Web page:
WAYS TO HELP AN ANIMAL SHELTER

Pets of the Week

Until there are none, adopt one.

Until there are none, adopt one.

     Meet Blu, this gentle giant Newfoundland is looking for his forever home. Blu came to the shelter for not being fond of the excitable preschooler in the home, so dog-savvy children 12 years old and over are recommended. Blu needs lots of extra space to roam, and should have a person familiar with the breed and understands that large breed dogs can be a big financial responsibility. To adopt Blu, please visit Bangor Humane Society.

  Meet Calypso, a gorgeous, fluffy girl with a strong personality. She is very sweet, loyal, and loving, though she doesn't have much patience for those who can't read her social cues. Calypso wants to be her person's one and only kitty -- she may be spayed, but that won't stop her from being a queen! To learn more about adopting Calypso, please contact HART Adoption Center & Shelter for Cats. .

 

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Species  A-Z

Your gateway to every known species on the planet. Click on the links below to start hunting for the species of your choice.

Suggest A Link!

All About Nature   - 627 species, both live and extinct.  Easy on the jargon, and a great site for kids & those of us who like to keep things simple.

Animal Diversity Web - Loaded with lots of technical terms & information, presented by the University of Michigan Museum of Zoology.

Animal Info - Index by Species Name - Hundreds of links to Information on rare, threatened or endangered mammals.

Yahoo! Animal Directory - 10,000 + links to animals, insects and pets.

Vertebrate Animals Hotlist -  154 links from the Franklin  Institute Online. The Hotlist includes 96 vertebrate species. Warning to Creationisits: this site links to Darwin's The Origin of Species.

Mammal Species of the National Zoo, from A to Z - The Smithsonian Institute's site contains the names of all mammal species at the National Zoo in Washington, D.C.

Species 2000 Catalog of Life  - This site lets you search by common and scientific names of species. The Dynamic Checklist databases make life easier for Biology majors and the rest of us.

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This Month's Critter:

Dingo:

Dingo  

 

     Many people may have heard of the dingo, but did you know it is an actual type of animal in Australia? The dingo, whose scientific name is canis lupus dingo, roams free mainly in Australia, but also Southeast Asia, where it is believed to have originated.Aborigine tribes are believed to have brought the dingo to Australia about 30,000 years ago. Dingos are classified as subspecies of the gray wolf.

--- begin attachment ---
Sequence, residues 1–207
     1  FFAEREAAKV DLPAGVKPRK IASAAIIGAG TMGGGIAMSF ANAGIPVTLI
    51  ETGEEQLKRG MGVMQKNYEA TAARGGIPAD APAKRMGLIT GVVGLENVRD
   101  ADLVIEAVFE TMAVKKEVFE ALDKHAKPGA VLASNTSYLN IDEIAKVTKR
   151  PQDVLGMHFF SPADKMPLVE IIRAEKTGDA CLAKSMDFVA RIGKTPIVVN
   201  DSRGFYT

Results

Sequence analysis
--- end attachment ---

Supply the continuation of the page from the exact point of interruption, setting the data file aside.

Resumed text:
Aborigines feature dingos in stories and ceremonies, and dingos are depicted on cave paintings.

    Dingos live in all types of environments in Australia, including deserts, grasslands and the edges of forests. They use abandoned rabbit holes and hollow logs as their dens.

    The dingo has a major environmental role in Australia as the continent's largest land predator. They will feast on rabbits, rats, and even wallabies and kangaroos. But they also dine on sheep, which makes them an enemy of farmers.

      In response, farmers have poisoned the beautiful animals, which are making dingos vulnerable to extinction. Also, pure dingos have been breeding with other dogs, and the number of pure dingos is dwindling.

    The dingo is a carnivore but like other wild dogs can live without meat. Actually, like all dogs, dingoes should be called omnivores because they can eat meat but don't need to, according to the Outback Australia Travel Guide.

      Dingos don't bark, they only howl. The average Australian dingo is from 20 inches to 24 inches tall at the shoulder and can be about 5 feet long. Average weight is from 29 to 44 pounds, but some can become as large as 80 pounds.

      They can live up to 10 years in the wild but be as old as 18 years in a domestic setting. Dingos establish a particular territory and rarely leave that area. They live as lone wolves, but also form packs made up of their parents and offspring for several years.

      They hunt for food alone mainly at night, but can hunt in packs for bigger prey

      MORE DINGO SITES:

Australia Dingo Conservation Association, Inc.

Australian-animals.net

A-Z animals.com